If then Jesus was seen to fit the category 'prophet'. how did he see the matter himself? Was he remembered as claiming to fulfil the expectations regarding a prophet. or the prophet. or as acting as a prophet? The evidence here is rather
11.30 (just as ... so .. .'). probably a Hebraic construction (D. Schmidt. 'The LXX Gattung "Prophetic Correlative"', JBL 96  517-22); Kloppenborg refers also to 1Q27 1.6 and 4Q246 2.1-2 (Formation 130 n. 127). But 11.30 is generally regarded as a 'redactional clasp' linking the two early traditions 11.29 and 11.31-32 (Reed. 'Sign of Jonah'202, bibliography in n. 17).
210. There is little dissent among commentators at this point (see also below. chapter 16 n. 163 and chapter 17 n. 185).
211. Similarly Manson. Sayings 89 ('The preaching of Jonah is the sign'); Edwards. Sign of Jonah 95; Fitzmyer. Luke 2.933-34; Reed. 'Sign of Jonah' 208-11 (with 'a barb aimed at Jerusalem'). Hooker suggests that the Baptist's preaching of judgment is in view (Hooker. Signs 24-31, with further bibliography). but if the earliest form of the saying included a reference to 'the Son of Man'. that is less likely. Others have argued that the sign refers to the divine vindication of the messenger — Jonah miraculously delivered from death (Beasley-Murray. Jesus and the Kingdom 254-57; Bayer. Jesus Predictions 141-42. and those cited by him, n. 210).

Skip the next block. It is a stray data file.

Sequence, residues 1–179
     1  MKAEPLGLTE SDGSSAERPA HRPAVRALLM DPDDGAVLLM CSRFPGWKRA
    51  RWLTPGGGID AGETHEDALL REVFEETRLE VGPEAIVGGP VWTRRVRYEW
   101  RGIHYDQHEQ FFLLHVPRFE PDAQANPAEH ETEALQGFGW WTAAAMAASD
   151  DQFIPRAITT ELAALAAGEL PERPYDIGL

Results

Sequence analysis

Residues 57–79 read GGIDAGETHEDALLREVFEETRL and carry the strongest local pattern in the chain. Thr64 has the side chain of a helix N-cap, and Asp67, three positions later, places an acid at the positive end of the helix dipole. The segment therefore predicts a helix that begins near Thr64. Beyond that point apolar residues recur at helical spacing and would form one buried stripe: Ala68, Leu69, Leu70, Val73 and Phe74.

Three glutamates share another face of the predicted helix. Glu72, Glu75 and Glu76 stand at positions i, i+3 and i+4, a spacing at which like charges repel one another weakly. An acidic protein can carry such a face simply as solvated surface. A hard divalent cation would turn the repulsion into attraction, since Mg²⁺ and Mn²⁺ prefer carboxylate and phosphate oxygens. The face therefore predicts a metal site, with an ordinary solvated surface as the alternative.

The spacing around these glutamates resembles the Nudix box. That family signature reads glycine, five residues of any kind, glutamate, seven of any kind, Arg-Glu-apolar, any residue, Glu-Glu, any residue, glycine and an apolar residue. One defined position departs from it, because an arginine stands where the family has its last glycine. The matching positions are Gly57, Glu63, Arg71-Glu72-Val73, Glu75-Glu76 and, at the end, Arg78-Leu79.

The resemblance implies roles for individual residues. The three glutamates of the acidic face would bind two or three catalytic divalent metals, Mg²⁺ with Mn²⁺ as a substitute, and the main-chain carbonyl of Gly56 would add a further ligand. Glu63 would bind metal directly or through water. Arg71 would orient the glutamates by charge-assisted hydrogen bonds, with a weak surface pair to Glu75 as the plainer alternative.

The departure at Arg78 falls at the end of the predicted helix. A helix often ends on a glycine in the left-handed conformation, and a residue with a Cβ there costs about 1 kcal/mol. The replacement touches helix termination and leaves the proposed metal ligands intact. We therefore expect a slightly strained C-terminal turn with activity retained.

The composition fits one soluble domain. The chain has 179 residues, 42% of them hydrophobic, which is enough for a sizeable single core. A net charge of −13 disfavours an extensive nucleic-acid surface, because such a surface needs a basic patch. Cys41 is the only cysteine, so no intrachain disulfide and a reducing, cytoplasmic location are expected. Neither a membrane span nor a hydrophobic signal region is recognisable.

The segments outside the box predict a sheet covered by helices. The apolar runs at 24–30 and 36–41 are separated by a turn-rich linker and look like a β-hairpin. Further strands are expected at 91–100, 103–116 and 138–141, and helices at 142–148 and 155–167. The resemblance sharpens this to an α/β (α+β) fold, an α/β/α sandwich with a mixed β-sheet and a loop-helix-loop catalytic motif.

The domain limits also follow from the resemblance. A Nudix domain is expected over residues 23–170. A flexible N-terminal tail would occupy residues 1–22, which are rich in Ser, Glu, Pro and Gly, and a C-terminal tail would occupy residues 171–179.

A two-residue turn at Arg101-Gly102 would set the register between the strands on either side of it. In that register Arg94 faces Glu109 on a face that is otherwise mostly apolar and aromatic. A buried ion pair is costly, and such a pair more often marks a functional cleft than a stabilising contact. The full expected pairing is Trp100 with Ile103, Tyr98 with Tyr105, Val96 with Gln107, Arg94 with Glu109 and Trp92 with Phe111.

patchy but builds up to a more positive answer than in the case of the royal
To be noted at once is the proverb recalled as Jesus' response to the negative reaction he received at Nazareth: 'a prophet is not without honour except in his home village (patris)' (Mark 6.4/Matt. 13.57); 'no prophet is acceptable in his home village' (Luke 4.24/GTh 31); 'a prophet has no honour in his own home village' (John 4.44); 'a prophet is not acceptable in his home village' (P.Oxy. 1 lines 30-35). Evidently the memory of Jesus saying something along these lines was well rooted in Christian tradition.213 As the non-Synoptic versions indicate, the proverbial character of the saying meant that it could be retold apart from the Nazareth context of the Synoptics. The evidence certainly strongly suggests that Jesus saw the negative responses he received as of a piece with the tradition of rejected prophets.214 At the same time, the talk is of 'a prophet'; there is no suggestion that Jesus saw himself as 'the prophet'. Since the post-Easter believers certainly regarded him as more than a prophet, it is not without significance that they have retained this more lowly self-estimate in the tradition.
The same considerations weigh in favour of the solely attested Luke
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